DEAR JERRY: I am writing about a song I think is by Tommy Facenda, titled “High School U.S.A.” It named a lot of high schools in California. I also remember hearing a lot about other versions being made for different states.
Do you know how many different versions were made, the areas they covered, and where they might be purchased?
Billy Ray Richter, Kinard, Fla.
DEAR BILLY: It is indeed Tommy Facenda who turned the novel “High School U.S.A.” into a Top 30 hit in late 1959. A couple of years earlier, Tommy worked as a backup singer in Gene Vincent's band.
What evolved as the most nonconforming hit of the rock era began simple enough in Norfolk as a musical tribute to some Virginia high schools (Legrand 1001).
While popular in the Old Dominion State, the tune drew very little interest in the other 49 states.
Realizing the nationwide potential of “High School U.S.A.,” Facenda recorded a template track, of sorts, with generic lyrics that do not refer to any specific areas.
Then Tommy separately recorded 28 different tributes to selected regions, which, when edited into the master template, gave listeners the names of local-are high schools.
The editing is so well done that teens in Florida probably had no idea the folks in California were hearing a completely different list of schools.
For this unusual project, Atlantic Records jumped on the bandwagon and assigned a special series of selection numbers for “High School U.S.A.”: 45-51 through 45-78.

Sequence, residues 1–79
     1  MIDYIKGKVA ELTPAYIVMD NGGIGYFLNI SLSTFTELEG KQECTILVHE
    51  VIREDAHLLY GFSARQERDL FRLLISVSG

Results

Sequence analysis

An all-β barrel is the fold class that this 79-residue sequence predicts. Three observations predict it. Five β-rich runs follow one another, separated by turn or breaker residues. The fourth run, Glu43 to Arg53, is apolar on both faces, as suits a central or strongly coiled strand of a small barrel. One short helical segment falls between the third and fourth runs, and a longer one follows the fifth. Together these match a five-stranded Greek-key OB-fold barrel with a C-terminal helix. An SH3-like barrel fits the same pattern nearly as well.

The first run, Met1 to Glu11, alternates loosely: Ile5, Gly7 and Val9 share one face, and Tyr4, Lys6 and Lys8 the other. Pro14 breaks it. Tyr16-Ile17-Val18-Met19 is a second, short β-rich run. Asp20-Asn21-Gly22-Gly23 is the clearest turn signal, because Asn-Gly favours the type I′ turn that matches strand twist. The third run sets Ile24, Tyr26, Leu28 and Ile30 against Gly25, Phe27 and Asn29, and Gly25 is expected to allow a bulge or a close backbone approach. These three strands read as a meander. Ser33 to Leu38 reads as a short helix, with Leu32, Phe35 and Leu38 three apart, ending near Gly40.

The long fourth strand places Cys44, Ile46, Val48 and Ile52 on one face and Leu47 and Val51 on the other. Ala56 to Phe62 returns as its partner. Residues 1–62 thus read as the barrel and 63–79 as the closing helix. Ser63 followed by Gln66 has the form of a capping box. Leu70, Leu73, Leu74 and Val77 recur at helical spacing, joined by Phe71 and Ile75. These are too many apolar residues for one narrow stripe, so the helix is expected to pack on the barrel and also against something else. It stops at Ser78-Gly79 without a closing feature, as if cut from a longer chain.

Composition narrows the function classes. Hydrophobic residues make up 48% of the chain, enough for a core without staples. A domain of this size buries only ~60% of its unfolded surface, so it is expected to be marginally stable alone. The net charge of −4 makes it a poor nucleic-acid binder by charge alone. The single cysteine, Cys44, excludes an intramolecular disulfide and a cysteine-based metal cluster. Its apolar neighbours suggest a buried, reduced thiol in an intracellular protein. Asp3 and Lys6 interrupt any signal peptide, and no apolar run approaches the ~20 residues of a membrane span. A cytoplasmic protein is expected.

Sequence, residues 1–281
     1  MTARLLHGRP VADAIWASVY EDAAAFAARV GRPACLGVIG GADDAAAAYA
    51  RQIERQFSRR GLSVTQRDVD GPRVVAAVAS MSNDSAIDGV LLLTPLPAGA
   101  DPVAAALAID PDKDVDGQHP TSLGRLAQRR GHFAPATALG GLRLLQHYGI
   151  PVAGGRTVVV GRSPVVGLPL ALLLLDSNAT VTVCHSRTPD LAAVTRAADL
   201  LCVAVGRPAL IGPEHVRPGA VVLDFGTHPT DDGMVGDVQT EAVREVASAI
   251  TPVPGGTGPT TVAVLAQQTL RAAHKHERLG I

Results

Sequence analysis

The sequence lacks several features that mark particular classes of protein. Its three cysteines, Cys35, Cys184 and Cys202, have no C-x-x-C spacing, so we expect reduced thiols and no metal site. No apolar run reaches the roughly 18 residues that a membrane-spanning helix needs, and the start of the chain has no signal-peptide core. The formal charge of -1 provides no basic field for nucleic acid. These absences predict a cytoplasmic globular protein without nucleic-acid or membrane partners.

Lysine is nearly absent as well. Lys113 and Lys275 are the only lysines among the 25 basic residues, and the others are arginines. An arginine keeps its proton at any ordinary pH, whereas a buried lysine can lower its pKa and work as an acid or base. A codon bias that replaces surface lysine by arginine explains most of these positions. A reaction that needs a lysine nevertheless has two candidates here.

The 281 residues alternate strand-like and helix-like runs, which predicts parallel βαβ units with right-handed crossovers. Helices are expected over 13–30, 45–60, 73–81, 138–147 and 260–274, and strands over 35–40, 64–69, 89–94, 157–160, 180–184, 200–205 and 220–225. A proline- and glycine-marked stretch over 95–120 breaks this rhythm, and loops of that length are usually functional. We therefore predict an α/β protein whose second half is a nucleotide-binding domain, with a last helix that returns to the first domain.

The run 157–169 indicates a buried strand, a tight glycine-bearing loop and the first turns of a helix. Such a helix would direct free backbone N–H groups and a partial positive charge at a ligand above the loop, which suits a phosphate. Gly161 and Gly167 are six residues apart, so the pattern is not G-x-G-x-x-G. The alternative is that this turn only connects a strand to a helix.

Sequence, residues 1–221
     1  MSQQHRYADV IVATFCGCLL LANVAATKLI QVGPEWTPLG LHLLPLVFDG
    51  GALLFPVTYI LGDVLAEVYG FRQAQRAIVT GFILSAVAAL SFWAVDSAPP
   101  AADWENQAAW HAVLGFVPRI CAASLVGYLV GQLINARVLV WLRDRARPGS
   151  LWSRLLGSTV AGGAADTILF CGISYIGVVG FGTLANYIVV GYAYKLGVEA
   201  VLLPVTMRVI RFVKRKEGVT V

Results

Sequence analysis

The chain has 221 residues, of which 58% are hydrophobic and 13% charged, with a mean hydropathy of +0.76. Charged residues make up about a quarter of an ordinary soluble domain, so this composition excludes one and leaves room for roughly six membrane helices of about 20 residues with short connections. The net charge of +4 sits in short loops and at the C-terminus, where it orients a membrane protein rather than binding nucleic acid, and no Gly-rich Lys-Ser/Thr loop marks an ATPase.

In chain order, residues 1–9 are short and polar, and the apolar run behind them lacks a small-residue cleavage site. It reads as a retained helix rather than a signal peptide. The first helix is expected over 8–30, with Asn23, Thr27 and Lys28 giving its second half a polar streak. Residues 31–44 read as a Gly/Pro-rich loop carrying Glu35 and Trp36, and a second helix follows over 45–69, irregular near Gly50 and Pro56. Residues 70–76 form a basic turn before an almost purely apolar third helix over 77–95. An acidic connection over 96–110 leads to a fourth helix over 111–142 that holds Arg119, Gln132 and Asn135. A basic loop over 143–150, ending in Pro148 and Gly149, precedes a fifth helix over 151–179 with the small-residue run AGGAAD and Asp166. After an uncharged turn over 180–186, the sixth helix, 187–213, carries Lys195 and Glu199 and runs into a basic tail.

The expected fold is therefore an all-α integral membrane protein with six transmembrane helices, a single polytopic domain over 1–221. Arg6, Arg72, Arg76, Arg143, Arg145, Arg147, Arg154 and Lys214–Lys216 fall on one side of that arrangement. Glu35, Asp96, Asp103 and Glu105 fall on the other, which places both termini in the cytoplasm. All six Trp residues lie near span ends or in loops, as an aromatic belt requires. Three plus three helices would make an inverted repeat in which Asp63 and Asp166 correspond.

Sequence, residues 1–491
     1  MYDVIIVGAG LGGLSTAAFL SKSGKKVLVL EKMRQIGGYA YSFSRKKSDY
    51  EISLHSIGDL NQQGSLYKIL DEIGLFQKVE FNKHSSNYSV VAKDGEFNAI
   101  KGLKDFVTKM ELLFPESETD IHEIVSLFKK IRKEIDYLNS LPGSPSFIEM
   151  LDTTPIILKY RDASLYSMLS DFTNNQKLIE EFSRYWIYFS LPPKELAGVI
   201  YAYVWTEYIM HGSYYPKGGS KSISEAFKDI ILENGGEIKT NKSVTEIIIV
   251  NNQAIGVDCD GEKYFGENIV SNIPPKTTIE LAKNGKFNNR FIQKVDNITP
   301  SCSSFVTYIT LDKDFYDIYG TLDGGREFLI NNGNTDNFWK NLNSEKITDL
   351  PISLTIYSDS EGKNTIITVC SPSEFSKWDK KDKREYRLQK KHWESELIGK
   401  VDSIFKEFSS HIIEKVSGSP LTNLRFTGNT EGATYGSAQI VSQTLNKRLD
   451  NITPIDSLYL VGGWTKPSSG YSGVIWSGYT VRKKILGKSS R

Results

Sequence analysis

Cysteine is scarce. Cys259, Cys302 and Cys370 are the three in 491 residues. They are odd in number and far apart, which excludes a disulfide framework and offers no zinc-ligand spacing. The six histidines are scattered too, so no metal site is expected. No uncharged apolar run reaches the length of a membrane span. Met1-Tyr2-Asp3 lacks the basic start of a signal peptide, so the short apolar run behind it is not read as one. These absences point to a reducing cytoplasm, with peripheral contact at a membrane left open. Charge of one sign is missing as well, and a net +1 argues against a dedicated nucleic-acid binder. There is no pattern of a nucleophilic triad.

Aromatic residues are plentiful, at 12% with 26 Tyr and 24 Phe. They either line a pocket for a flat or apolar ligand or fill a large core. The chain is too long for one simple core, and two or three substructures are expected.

Here are those Atlantic numbers, along with the specific regions:
45-51: Virginia; 45-52: New York City Area; 45-53: North Carolina - South Carolina; 45-54: Washington D.C. Area; 45-55: Philadelphia Area; 45-56: Detroit Area; 45-57: Pittsburgh Area; 45-58: Minneapolis - St. Paul Area; 45-59: Florida; 45-60: Newark Area; 45-61: Boston Area; 45-62: Cleveland Area; 45-63: Buffalo Area; 45-64: Hartford Area; 45-65: Nashville Area; 45-66: Indiana; 45-67: Chicago Area; 45-68: New Orleans Area; 45-69: St. Louis - Kansas City Area; 45-70: Alabama - Georgia; 45-71: Cincinnati Area; 45-72: Memphis Area; 45-73: Los Angeles Area; 45-74: San Francisco Area; 45-75: Texas; 45-76: Seattle - Portland Area; 45-77: Denver Area; and 45-78: Oklahoma.
Fortunately for the geographically obsessed, all 28 of these tracks, plus two more “National Version” and “Original Legrand Virginia Version” are gathered together on one compact disc: “High School U.S.A.” (Legrand 17002-2).
This CD is frequently offered online for between $10 and $20.
DEAR JERRY: I have a very unusual set of three picture discs, each of which has the title “Interview with Sting of the Police.” Also stated is “Limited edition issued in a set of 3. Play at 33 1/3 rpm. Cat. No. Police.”
I have checked your latest (2005) edition of your record guide, but no mention is made of these. That may be because this set is a foreign issue, but no country of origin is referenced.
Also not indicated is the size of this limited edition. Do you know the quantity made?
I have never played any of these records, but it sounds more like talking than music.
What can you tell me about this set?
Kathleen Franz, New Haven, Conn.
DEAR KATHLEEN: You are correct as to why this interesting set does not appear in the price guide, which is because it is an overseas release.
Since it is, as the title suggests, strictly an interview with Sting, its value is less than it would be with music tracks. Prices in the $30 to $40 range are common for this set.
Made in 1984 in the UK, homeland of the famed rock trio, “Interview with Sting of the Police” came out in a limited edition of 2,000 three-disc packages.
IZ ZAT SO? Quite inexplicably, none of the “Interview with Sting of the Police” picture discs feature Sting, the object of the whole project. It is actually Andy Summers who is most prominently seen in these photos.